Pistorius’ fame has meant that the banality of the evil of this crime, the thuggish stupidity of a heedless man’s violence, has been obscured by the cheap, shallow glitter of celebrity. Celebrity elevated Pistorius above every other man who killed his girlfriend on that Valentine’s Day, and every other day before and after.

Family members of Reeva Steenkamp react as they listen to the verdict (Getty Images)

Although Pistorius was charged with the premeditated murder of Steenkamp, this trial was never going to be a way of addressing the systemic nature of male violence. It was never going to be away of addressing the fact that Pistorius was not exceptional. Despite his sporting achievements, he was just one more ordinary South African man whose "negligence", as the judge called it when she found him guilty of culpable homicide, resulted in Steenkamp’s agonising death.

There have been numerous attempts to read Pistorius as an emblem for South Africa. A simplistic reading of a crippled country that somehow made it through apartheid,  the worst kind of adversity, to become a global hero only to fall in the final reckoning.

But this is to misread both Pistorius and South Africa. The killing of Reeva Steenkamp was a triumph of brutality and the kind of heedlessness that violent men have always used to, in retrospect if ever asked, justify their actions. South Africa’s deliverance from the evil  of apartheid was not a miracle – it was a considered and thoughtful exercise of (mainly) men who could think and consider and compromise for the greater good. Pistorius seemed to do no thinking at all. He certainly did not speak to Reeva in those last fatal minutes. If there had been consciousness, relatedness, Pistorius would have asked Steenkamp if she too had heard a noise. That one question would, if his abject terror of an armed intruder was valid, have saved her life.

If he had been able to ask a question and wait for an answer then none of this would have happened. But that would be outside of a construction of a fragile but lethal masculinity – one that is much lauded in popular culture –  that shoots first and asks questions later. Asking questions and waiting for answers requires thought. It is thought that stops us from killing each other.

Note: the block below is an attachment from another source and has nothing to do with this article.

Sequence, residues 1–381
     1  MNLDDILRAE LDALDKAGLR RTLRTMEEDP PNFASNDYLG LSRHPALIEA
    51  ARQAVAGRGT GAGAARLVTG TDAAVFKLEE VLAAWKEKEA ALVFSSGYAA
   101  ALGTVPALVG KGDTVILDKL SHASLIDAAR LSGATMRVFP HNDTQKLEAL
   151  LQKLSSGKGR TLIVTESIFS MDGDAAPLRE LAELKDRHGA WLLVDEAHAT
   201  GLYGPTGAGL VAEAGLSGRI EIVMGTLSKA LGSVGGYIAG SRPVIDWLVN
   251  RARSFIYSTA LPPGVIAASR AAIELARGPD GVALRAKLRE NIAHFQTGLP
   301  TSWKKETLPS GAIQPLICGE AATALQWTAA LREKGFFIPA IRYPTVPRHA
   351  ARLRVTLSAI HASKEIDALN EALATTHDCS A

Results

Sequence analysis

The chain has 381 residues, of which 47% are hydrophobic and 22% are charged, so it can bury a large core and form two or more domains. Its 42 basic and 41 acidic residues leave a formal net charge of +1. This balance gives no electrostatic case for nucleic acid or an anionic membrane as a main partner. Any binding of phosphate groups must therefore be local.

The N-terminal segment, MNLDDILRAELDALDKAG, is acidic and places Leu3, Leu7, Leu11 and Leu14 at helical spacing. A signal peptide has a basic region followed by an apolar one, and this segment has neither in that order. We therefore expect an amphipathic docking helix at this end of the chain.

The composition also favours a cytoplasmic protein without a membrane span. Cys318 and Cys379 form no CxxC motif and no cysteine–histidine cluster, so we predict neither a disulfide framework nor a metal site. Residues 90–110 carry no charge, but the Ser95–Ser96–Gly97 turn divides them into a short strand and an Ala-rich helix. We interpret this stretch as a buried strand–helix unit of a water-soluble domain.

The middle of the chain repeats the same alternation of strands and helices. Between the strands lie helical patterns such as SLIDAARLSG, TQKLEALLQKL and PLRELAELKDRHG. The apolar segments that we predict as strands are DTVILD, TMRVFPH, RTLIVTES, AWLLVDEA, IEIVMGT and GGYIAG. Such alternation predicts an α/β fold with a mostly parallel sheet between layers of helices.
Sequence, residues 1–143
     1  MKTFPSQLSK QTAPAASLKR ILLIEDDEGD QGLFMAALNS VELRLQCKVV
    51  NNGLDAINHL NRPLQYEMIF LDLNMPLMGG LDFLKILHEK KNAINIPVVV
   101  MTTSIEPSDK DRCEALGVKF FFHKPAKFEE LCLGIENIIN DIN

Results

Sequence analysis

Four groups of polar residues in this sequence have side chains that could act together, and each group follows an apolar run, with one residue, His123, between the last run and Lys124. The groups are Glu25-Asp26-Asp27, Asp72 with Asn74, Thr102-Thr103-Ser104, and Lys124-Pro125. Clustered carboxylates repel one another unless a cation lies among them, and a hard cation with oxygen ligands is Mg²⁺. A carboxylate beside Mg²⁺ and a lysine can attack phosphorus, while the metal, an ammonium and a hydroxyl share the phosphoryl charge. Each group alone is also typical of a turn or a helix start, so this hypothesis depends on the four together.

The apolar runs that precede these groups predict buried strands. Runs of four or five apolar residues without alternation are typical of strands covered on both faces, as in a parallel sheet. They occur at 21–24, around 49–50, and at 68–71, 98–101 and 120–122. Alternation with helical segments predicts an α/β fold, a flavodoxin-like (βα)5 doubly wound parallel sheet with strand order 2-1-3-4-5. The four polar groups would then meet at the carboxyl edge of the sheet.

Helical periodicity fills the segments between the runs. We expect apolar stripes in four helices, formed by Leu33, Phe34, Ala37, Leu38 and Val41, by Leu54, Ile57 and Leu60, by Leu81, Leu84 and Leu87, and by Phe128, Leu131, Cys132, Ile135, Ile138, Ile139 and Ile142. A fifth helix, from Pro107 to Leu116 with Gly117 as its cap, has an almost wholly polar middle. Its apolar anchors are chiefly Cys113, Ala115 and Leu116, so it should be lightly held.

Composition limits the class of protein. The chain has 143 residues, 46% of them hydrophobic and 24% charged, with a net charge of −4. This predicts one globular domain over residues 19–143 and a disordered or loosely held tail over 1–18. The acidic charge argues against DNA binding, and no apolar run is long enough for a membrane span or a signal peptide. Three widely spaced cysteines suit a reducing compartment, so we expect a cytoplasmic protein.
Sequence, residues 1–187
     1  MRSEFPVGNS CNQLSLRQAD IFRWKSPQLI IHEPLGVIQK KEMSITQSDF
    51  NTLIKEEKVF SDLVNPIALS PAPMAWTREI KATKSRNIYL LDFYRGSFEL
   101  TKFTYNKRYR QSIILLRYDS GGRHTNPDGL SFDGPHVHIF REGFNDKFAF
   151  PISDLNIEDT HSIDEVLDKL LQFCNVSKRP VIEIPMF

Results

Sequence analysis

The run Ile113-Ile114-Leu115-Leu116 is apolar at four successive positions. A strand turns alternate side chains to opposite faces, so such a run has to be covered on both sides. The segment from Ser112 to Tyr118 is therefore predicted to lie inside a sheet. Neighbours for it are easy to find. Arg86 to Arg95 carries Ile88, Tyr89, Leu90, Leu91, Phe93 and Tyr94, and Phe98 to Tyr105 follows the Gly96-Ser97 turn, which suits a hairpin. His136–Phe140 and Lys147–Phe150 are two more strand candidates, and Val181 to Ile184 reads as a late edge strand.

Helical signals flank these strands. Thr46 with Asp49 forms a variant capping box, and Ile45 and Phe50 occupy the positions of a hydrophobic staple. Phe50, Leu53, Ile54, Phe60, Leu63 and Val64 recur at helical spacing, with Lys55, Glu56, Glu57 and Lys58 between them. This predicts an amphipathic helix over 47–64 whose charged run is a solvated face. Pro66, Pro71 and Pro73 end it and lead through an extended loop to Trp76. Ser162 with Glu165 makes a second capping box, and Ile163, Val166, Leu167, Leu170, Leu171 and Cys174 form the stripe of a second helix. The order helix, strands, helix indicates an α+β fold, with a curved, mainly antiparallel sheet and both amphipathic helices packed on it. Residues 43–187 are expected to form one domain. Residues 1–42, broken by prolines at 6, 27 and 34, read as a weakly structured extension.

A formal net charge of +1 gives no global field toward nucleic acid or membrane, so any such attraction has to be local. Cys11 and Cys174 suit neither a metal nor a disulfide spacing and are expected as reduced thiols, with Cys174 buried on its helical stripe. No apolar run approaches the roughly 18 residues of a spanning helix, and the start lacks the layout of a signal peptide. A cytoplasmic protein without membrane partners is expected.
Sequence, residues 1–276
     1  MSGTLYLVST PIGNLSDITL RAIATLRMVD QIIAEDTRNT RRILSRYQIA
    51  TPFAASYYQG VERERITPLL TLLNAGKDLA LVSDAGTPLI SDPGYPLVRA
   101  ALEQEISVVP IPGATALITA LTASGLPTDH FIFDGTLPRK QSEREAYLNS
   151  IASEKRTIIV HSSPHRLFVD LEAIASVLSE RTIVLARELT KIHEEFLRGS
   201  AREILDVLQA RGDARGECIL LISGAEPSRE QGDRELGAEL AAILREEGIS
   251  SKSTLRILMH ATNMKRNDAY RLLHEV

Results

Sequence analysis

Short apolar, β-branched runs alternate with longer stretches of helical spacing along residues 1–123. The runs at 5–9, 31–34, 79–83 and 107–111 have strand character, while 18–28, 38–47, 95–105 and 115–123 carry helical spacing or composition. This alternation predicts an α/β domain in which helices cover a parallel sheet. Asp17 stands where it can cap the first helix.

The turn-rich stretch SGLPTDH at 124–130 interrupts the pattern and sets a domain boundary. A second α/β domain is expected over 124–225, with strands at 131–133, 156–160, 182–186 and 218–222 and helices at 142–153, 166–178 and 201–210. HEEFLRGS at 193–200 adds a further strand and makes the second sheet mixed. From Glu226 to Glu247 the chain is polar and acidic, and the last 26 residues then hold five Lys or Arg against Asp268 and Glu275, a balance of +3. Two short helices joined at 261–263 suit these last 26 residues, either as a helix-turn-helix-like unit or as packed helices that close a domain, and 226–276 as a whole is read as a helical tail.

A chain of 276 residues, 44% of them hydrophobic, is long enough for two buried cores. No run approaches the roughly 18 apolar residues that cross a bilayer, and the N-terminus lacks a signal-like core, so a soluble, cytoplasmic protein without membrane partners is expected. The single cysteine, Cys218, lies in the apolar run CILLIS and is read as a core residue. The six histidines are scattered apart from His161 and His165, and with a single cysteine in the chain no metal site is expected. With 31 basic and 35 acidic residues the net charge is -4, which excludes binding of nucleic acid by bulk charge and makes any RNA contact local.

If we pause to think of her – and for the all the women she is emblematic of – then we can honour her by making sure that instead of simply acting out on emotion or impulse violent or aggressive or thoughtless men learn how to filter emotion – fear, anger, jealousy –  through the complex ethical and cognitive processes of the mind, thus enabling those most admirable of human capacities, empathy and non-violence.

The default to extreme and paranoid violence, whatever its psychological origins, has been so dangerous for women and children for so long in this country. Perhaps if Pistorius had been able to think through the surge of adrenalin or fear or rage or whatever it was that drove him to fire those neatly clustered shots, Reeva Steenkamp would be alive today.

Margie Orford is a novelist, president of South African PEN and the patron of Rape Crisis in South Africa